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|HAWN_Q111.H3_4262 DEC 2007_r.pdf||Version for non-UH users. Copying/Printing is not permitted||4.96 MB||Adobe PDF||View/Open|
|HAWN_Q111.H3_4262 DEC 2007_uh.pdf||Version for UH users||4.96 MB||Adobe PDF||View/Open|
|Title:||The effects of acute infection and inflammation on phase II detoxifying enzymes|
|Authors:||Welch, Darcy L.|
|Abstract:||Infection and inflammation may alter liver metabolism causing significant changes in drug efficacy and toxicity. The expression and activity of the Cytochromes P450 in human liver are significantly down-regulated during acute infection and inflammation but little is known about Phase II metabolizing enzymes. We treated the human liver cell line HepG2 with TNF-α and IL-1β to at 0.1-1000 U/mL for 0-48 hours as a model of acute infection and inflammation. Cells were harvested at each time point and assessed for cell death (MIT assay) and levels of reactive oxygen species (ROS) and for the expression and activity of the major Phase II enzymes UDP-glucuronosyl transferase (UGT), Glutathione-S-transferase (GST) and Sulfotransferase (SULT). Since all of these enzymes have hepatic nuclear factor (HNF) recognition sequences in their genes, we assessed the effects of the cyrokines on HNF1 and HNF4 expression and nuclear translocation with immunofluorescence. UGT enzymes are not significantly affected by pro-inflammatory cytokines and SULT enzymes showed no change in activity while GST enzymes showed a significant increase in activity but returned to norma1levels by 48 hours. Higher GST activity may confer lower efficacy of drugs during acute infection and inflammation.|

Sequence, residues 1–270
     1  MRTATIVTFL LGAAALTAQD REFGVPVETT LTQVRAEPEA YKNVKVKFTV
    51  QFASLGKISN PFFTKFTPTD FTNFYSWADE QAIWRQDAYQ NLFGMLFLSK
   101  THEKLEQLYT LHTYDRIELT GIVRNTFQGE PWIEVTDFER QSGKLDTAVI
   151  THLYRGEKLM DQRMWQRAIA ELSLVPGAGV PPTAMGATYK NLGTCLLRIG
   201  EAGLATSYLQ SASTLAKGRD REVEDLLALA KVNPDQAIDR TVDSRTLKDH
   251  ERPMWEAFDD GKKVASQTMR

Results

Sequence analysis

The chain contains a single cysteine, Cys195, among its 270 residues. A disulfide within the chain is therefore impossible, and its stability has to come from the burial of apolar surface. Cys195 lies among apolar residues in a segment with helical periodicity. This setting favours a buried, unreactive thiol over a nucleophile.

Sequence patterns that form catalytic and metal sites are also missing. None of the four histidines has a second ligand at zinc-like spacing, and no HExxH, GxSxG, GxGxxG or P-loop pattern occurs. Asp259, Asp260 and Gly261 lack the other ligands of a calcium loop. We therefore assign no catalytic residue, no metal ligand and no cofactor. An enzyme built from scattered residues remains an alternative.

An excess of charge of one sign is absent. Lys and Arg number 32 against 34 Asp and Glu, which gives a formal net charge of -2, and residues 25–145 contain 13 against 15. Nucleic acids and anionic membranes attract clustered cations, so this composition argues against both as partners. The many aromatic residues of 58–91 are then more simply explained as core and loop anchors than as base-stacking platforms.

|Description:||Thesis (M.S.)--University of Hawaii at Manoa, 2007.|
Includes bibliographical references (leaves 71-82).
xiii, 82 leaves, bound 29 cm
|Rights:||All UHM dissertations and theses are protected by copyright. They may be viewed from this source for any purpose, but reproduction or distribution in any format is prohibited without written permission from the copyright owner.|
|Appears in Collections:||M.S. - Microbiology|
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